Excerpt from a long Journal Entry
16 June 2014 –Tuesday
Gabriela continued to speak about other buildings. I begin to take fewer notes and more pictures.
- We spoke about a house built in 1831 that was the 1st house with high ceilings on both floors. It also had a secret passage, and the doors of the rooms were short so horses could not enter and the doors could be open only from the inside. This house was built for war.
- Lastly, she told us about the Capilla De Los Negros, the chapel built for slaves in 1872 out of mud.
We went to visit the chapel. It is kept the same way it was years ago. The floor is still made of dirt and the benches were very old. Of course no one worship there now. It is kept by the grandson of the lady who used to take care of it in the beginning. I can’t remember his name. The church is a testament to the struggle of Afro-Argentines. It is the only building the state allowed them have around 1862, their only place of worship. Currently, it is the only building they still have as a testimony of their history.
Tina asked Dr. Anderson if they used the church as a form of organizing the way the black church did and still does in America and Dr. Anderson said something that made it all come together even more, they had no need to organize and they did not really feel the need to organize.
16 June 2014 –Tuesday
When they went to eat lunch, I got permission from Dr. Anderson to wait outside the restaurant. I was glad because this separated me from my classmates who were still upset at each other. While they were eating I made friends in the near by boat house with a lady named Gaby and her coworker, Albarguen. There was also another older man there. He was funny. He refused to say much in English but wrote the translation in my book. They taught me a math card game called Broom. To be honest, I still don’t know how to play it… but thank God for Google! I promised I would keep in contact with them. We all exchanged information.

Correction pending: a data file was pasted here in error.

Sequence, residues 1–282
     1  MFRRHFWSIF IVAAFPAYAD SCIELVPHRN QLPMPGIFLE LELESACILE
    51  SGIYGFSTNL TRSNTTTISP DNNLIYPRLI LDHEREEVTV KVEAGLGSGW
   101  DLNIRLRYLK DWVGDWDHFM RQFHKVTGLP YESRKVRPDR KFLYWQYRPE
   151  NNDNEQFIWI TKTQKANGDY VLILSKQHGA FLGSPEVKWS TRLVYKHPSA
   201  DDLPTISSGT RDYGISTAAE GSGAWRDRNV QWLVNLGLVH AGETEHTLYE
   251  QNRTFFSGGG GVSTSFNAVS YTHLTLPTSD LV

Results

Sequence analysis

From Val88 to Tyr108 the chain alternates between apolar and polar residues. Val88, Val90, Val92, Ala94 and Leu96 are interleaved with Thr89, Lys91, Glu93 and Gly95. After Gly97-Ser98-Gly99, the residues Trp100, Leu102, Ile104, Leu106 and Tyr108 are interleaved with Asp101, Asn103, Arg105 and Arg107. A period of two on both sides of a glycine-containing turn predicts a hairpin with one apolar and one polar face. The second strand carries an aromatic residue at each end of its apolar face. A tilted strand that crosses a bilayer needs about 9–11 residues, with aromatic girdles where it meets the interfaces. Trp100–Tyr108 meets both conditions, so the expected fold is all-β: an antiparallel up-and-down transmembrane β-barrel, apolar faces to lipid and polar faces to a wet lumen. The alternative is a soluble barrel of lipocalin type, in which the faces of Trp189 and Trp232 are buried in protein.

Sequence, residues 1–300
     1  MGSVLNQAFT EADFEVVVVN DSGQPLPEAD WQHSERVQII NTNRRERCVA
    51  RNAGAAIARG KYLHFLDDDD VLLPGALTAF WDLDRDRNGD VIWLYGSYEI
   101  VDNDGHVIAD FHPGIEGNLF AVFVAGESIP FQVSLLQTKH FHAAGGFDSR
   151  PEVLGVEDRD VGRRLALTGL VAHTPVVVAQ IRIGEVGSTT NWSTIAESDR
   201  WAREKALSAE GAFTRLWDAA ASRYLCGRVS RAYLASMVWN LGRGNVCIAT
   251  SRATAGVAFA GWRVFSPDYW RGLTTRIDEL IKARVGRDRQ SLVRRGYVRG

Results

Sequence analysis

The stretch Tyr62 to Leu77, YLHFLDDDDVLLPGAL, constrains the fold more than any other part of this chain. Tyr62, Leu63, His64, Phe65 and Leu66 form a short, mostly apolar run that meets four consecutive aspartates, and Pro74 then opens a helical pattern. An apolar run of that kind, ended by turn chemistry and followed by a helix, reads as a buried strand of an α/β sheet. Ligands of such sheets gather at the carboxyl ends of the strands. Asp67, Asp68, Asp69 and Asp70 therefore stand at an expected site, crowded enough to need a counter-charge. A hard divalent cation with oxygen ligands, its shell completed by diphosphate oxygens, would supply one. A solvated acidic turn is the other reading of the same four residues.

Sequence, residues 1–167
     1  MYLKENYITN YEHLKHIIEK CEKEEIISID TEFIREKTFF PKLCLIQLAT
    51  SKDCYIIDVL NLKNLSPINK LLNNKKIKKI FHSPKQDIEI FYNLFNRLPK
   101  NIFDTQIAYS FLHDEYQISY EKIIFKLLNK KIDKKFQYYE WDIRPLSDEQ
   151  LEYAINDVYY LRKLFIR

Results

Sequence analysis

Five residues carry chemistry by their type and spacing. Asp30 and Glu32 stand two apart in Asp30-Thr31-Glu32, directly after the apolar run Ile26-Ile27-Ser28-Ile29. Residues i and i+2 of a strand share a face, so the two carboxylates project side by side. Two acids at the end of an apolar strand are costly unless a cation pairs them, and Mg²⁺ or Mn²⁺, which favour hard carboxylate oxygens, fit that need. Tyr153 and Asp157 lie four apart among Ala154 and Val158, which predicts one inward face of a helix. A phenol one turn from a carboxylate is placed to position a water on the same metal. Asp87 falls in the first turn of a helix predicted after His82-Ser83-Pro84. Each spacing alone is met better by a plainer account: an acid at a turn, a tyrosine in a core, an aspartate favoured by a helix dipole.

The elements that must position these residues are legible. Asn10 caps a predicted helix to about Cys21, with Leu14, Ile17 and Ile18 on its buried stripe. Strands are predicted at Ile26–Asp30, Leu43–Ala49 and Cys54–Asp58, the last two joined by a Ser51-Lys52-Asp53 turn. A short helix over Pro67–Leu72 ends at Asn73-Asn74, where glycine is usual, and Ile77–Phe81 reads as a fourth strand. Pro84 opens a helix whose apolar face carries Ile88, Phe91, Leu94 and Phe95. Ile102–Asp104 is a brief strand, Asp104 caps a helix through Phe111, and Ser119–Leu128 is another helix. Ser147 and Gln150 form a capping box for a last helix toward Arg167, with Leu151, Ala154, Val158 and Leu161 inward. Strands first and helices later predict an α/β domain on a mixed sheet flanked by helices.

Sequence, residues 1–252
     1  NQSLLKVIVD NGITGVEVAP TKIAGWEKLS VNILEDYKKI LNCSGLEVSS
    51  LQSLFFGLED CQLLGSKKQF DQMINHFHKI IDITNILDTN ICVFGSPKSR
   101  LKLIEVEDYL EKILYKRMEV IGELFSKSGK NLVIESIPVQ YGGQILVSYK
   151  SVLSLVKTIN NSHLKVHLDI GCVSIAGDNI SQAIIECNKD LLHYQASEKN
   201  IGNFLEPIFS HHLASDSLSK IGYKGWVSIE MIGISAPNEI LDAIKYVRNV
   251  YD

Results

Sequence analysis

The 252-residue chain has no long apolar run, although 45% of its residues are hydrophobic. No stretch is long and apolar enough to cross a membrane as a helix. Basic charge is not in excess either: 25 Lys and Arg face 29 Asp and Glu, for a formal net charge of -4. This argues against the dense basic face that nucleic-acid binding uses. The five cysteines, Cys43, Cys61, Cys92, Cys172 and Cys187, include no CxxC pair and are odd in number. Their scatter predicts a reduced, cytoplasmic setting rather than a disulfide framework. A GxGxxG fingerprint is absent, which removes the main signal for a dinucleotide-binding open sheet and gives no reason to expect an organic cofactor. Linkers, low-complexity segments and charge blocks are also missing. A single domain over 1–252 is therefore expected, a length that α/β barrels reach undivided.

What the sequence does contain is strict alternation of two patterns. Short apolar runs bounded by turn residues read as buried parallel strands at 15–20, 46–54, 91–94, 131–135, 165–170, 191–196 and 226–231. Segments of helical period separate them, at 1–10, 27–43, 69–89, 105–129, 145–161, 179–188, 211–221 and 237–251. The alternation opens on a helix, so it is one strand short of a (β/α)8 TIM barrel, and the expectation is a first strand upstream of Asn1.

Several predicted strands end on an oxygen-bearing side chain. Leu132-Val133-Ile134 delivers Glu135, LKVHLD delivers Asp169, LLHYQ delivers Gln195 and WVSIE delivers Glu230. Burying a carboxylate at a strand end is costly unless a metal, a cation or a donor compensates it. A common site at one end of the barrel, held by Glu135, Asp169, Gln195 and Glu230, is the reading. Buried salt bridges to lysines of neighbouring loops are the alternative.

When we got back home, I was tired but we didn’t rest much. We went to eat and eating in Argentina is very different from eating in America.
One of my fifth graders who frequent the Mary Mitchell Center got into the habit of making slime. She got so good at it that her mother told me she was selling it at school.
Iris would be up late into the night making slime. I would have to send her to bed. She made a lot of money selling it at her school. And with that money she would buy more materials.
After finding this out, I asked her what she thought about making it at the center. She smile and said she would. Then, she gave me the list of supplies to buy:
Tide Detergent, Shaving Creme, Eye Contact Solution, Glue, and food coloring.
We placed her on the schedule and it was a success. Almost everyone went home with a cup load of slime that they made. And almost everyone walked out the front door begging their parents to allow them to make it at home.